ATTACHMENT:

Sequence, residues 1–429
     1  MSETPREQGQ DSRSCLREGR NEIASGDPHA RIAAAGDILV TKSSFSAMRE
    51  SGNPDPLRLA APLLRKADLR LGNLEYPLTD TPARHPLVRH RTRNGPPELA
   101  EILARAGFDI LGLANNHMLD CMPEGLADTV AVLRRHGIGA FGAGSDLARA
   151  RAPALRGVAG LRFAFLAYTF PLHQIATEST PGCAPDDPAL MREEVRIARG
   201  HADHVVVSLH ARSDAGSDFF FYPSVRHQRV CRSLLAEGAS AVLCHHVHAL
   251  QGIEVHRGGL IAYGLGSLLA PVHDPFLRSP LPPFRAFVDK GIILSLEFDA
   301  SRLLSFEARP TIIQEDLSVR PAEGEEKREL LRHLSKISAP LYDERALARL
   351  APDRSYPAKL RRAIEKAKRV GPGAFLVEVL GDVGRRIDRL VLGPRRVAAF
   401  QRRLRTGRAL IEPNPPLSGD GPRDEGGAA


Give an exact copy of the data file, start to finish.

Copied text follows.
Sequence, residues 1–429
     1  MSETPREQGQ DSRSCLREGR NEIASGDPHA RIAAAGDILV TKSSFSAMRE
    51  SGNPDPLRLA APLLRKADLR LGNLEYPLTD TPARHPLVRH RTRNGPPELA
   101  EILARAGFDI LGLANNHMLD CMPEGLADTV AVLRRHGIGA FGAGSDLARA
   151  RAPALRGVAG LRFAFLAYTF PLHQIATEST PGCAPDDPAL MREEVRIARG
   201  HADHVVVSLH ARSDAGSDFF FYPSVRHQRV CRSLLAEGAS AVLCHHVHAL
   251  QGIEVHRGGL IAYGLGSLLA PVHDPFLRSP LPPFRAFVDK GIILSLEFDA
   301  SRLLSFEARP TIIQEDLSVR PAEGEEKREL LRHLSKISAP LYDERALARL
   351  APDRSYPAKL RRAIEKAKRV GPGAFLVEVL GDVGRRIDRL VLGPRRVAAF
   401  QRRLRTGRAL IEPNPPLSGD GPRDEGGAA